CHAMELEOProject reference: 334420
Funded under :
Cellular Hypoxia Alters DNA Methylation through Loss of Epigenome Oxidation
Total cost:EUR 75 000
EU contribution:EUR 75 000
Call for proposal:FP7-PEOPLE-2012-CIGSee other projects for this call
Funding scheme:MC-CIG - Support for training and career development of researcher (CIG)
"DNA methylation is integral to the regulation of gene transcription but is deregulated in cancer. Mechanisms causing this dysregulation are however poorly understood. Although DNA methylation mechanisms were described for several decades ago, the enzymes responsible for DNA demethylation were only discovered a few years ago: TET enzymes catalyze the conversion of 5-methylcytosine to 5-hydroxymethylcytosine (5hmC) through a reaction requiring oxygen and 2-oxoglutarate (2OG). Interestingly, decreased oxygen concentrations (hypoxia) are common in cancer, as is an altered 2OG metabolism.
Hypoxia induces the activity of Hypoxia Inducible Factor (HIF) transcription factors, which alter gene expression in cells to counter and cope with hypoxia. It is however poorly characterized how DNA methylation influences HIF binding, and how HIF in turn interfaces with the epigenome.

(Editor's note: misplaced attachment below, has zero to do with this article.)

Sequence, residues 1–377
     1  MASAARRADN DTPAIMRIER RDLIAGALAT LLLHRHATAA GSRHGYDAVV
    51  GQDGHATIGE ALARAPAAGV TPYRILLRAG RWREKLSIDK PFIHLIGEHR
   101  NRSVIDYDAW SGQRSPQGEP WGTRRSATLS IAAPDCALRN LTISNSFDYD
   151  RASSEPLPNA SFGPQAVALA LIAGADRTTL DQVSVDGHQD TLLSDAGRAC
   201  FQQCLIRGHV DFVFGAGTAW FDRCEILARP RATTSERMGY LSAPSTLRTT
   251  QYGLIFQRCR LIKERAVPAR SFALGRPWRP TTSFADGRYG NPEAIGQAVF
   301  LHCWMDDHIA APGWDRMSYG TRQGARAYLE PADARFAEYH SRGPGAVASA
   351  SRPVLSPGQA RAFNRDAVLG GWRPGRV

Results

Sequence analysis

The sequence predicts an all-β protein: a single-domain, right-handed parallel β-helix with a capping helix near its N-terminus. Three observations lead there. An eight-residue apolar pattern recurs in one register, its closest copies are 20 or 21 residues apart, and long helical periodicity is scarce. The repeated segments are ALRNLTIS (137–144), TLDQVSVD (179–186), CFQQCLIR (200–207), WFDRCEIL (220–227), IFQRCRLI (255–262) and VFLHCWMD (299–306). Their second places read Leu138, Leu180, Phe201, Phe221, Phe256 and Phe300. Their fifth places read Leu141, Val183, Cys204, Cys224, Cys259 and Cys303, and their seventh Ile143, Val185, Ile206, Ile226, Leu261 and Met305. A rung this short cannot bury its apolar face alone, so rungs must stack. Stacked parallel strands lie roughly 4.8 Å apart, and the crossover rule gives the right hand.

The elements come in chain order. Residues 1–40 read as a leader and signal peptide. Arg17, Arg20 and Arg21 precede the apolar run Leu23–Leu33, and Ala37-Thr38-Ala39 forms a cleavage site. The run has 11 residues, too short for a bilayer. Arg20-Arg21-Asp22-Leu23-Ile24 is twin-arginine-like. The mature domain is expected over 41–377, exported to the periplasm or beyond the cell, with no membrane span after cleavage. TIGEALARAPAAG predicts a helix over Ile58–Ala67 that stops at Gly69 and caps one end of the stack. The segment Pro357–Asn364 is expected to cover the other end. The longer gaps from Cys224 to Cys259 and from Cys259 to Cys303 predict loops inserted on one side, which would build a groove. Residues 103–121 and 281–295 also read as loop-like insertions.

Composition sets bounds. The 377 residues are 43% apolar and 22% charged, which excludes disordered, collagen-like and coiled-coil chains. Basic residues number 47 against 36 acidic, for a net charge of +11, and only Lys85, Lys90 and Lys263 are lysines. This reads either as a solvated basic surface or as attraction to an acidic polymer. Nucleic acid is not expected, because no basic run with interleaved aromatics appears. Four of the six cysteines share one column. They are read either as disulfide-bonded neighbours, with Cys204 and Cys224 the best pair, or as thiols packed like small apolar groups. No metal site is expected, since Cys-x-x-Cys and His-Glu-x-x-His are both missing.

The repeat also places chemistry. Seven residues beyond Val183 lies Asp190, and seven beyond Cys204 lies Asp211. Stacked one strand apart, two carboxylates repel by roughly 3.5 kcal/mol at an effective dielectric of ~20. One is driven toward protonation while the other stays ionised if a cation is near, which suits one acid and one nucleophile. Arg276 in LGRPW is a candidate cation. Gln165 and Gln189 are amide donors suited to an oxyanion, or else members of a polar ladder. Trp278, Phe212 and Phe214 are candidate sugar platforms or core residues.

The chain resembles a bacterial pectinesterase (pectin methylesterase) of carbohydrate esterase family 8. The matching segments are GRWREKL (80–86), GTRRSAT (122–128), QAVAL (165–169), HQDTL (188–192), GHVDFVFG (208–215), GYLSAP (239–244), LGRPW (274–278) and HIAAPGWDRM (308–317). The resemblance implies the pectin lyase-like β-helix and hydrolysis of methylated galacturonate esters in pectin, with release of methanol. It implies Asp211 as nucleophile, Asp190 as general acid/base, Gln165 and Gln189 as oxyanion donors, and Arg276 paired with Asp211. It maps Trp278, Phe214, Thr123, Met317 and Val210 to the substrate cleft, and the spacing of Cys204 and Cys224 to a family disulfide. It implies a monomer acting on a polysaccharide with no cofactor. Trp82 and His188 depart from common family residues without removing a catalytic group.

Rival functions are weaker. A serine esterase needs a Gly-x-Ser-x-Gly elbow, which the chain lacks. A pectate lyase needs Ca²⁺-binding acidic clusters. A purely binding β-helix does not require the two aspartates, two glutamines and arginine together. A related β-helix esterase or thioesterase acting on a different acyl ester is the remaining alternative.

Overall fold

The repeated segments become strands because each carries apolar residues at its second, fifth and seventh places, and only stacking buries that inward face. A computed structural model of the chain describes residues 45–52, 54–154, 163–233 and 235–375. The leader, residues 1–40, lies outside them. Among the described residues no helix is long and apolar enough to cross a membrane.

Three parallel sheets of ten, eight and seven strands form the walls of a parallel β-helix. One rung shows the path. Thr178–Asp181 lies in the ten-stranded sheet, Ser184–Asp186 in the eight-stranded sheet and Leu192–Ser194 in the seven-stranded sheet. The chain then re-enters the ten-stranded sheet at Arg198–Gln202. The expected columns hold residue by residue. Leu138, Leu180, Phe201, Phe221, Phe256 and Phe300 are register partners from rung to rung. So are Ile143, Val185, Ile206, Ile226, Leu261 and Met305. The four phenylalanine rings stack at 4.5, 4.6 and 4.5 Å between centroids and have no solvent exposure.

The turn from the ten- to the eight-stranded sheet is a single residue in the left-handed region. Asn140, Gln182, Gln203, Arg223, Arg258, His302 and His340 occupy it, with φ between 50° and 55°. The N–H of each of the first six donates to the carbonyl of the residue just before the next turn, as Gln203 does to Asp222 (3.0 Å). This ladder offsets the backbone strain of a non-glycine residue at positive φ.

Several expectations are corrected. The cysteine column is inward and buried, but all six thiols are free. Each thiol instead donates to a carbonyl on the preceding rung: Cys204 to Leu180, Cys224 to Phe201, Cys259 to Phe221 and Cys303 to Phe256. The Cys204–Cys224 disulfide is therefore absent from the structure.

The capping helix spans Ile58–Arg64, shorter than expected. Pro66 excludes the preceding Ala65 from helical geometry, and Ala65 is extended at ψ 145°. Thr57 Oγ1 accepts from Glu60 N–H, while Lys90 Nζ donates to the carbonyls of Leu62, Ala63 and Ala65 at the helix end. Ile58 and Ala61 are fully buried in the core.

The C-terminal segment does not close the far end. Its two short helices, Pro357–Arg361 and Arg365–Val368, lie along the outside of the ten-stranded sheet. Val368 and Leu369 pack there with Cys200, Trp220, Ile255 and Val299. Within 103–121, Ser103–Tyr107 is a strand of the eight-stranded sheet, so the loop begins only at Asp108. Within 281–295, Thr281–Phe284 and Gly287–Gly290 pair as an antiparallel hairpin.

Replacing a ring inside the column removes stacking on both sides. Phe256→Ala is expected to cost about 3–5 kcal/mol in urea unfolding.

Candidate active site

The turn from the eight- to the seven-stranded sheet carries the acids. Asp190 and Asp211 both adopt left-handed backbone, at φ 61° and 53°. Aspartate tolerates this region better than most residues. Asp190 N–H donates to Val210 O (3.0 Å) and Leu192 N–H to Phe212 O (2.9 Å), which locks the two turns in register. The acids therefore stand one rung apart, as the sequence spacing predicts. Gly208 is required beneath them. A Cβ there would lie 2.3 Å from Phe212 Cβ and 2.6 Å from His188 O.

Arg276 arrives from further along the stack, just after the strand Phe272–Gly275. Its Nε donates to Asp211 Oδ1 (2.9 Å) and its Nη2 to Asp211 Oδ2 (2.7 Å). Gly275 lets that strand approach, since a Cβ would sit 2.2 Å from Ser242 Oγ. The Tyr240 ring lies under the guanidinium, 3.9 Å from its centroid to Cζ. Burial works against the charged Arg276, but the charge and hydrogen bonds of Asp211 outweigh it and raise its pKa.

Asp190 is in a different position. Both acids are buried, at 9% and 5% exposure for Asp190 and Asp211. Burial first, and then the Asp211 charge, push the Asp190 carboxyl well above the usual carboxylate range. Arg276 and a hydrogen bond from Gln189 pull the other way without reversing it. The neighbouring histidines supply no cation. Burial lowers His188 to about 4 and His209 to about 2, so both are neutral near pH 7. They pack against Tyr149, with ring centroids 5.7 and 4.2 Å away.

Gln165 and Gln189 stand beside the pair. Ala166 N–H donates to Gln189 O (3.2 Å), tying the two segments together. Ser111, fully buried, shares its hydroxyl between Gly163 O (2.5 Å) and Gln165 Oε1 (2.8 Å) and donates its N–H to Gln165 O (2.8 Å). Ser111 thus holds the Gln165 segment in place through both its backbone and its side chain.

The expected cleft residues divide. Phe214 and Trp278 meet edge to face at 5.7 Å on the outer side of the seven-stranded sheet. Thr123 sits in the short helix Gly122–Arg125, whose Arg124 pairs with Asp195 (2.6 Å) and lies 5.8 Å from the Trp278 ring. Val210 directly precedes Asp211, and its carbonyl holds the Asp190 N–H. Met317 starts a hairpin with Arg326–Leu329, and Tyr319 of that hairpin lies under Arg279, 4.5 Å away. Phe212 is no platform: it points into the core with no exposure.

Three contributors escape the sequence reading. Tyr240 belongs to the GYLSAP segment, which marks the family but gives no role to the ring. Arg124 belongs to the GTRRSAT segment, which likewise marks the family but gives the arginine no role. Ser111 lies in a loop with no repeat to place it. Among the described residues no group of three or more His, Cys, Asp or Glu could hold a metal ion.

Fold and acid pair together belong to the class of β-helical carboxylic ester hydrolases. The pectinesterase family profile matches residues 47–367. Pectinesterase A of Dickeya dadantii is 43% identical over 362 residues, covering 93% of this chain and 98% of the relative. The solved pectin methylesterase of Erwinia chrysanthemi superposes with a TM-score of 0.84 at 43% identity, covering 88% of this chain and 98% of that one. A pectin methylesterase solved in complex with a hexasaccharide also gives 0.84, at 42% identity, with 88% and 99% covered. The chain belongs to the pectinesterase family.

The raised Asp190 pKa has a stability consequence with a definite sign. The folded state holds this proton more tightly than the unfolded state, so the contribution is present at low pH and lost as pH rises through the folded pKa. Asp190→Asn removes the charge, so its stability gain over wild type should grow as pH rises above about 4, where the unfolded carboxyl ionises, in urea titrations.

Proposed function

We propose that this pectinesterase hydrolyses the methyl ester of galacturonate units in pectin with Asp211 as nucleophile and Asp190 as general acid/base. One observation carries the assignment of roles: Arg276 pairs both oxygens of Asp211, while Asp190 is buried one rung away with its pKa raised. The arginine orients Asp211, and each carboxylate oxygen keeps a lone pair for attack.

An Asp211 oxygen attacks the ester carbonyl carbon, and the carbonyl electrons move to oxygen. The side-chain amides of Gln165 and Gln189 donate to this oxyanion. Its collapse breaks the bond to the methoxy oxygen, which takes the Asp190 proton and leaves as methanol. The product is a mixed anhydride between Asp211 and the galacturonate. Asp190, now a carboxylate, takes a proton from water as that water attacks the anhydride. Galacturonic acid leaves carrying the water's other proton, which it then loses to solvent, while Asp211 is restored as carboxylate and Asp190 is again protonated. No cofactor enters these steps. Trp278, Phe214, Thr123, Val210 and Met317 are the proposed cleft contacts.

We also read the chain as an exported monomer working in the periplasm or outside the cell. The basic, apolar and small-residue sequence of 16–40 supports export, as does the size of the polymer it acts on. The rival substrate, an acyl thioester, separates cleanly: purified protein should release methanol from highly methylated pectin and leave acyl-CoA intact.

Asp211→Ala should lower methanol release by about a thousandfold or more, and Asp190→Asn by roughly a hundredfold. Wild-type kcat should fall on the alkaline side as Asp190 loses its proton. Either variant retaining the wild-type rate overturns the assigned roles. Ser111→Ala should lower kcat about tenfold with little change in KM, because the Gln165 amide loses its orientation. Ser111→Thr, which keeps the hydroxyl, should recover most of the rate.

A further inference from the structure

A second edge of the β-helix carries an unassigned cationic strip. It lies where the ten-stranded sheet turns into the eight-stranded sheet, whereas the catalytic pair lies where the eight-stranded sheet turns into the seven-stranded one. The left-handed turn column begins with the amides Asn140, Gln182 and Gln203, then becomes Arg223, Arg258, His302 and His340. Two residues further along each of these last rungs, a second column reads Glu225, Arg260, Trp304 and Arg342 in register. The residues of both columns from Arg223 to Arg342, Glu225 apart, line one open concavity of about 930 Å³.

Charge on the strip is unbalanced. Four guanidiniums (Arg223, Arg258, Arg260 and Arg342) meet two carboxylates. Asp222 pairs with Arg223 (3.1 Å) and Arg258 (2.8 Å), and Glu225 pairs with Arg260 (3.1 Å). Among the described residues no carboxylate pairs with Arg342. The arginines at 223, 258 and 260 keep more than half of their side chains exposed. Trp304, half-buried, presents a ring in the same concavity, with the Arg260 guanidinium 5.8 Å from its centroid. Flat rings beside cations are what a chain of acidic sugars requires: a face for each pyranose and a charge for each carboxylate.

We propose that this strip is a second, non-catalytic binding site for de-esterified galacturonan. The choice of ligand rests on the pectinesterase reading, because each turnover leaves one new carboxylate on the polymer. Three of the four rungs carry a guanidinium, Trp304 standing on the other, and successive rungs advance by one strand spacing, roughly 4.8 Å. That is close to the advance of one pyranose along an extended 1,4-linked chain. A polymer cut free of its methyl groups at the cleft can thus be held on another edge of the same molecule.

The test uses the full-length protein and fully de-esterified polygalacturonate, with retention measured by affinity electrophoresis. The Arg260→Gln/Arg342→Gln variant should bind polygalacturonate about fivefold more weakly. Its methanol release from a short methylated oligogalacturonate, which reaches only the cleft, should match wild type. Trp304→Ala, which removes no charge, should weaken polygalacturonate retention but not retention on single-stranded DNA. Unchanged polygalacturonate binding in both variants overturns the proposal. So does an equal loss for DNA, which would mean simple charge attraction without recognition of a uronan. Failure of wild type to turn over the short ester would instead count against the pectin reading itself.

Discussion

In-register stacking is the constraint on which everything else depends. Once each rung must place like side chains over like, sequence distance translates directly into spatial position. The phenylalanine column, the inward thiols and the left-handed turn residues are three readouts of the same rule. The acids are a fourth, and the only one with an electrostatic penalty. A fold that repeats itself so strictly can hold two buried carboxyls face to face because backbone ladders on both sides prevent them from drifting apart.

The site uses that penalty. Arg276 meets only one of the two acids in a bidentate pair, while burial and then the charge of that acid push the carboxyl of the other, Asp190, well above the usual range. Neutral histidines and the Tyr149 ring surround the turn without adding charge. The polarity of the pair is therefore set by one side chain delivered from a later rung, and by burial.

In CHAMELEO, we aim to investigate the influence of hypoxia on the epigenome and the resulting phenotypic response in cancer. Firstly, we hypothesize that promoters of tumor suppressor gene can be hypermethylated through inhibition of DNA demethylation at low oxygen concentrations, thus contributing to oncogenic transformation. To investigate this, we will study the dependence of TET DNA hydroxylases on oxygen and 2OG, as well as the overall and locus-specific changes upon hypoxia of their product (5hmC). Secondly, because much of the hypoxic response is executed through HIFs, we will investigate how HIF binding is influenced by DNA methylation and how HIFs interface with epigenetic modulators such as TETs. Experiments in vitro and in vivo will be combined with state-of-the-art high-throughput sequencing techniques, and are expected to provide an unambiguous and comprehensive view on the role of DNA methylation dynamics in hypoxia and cancer."
EU contribution: EUR 75 000
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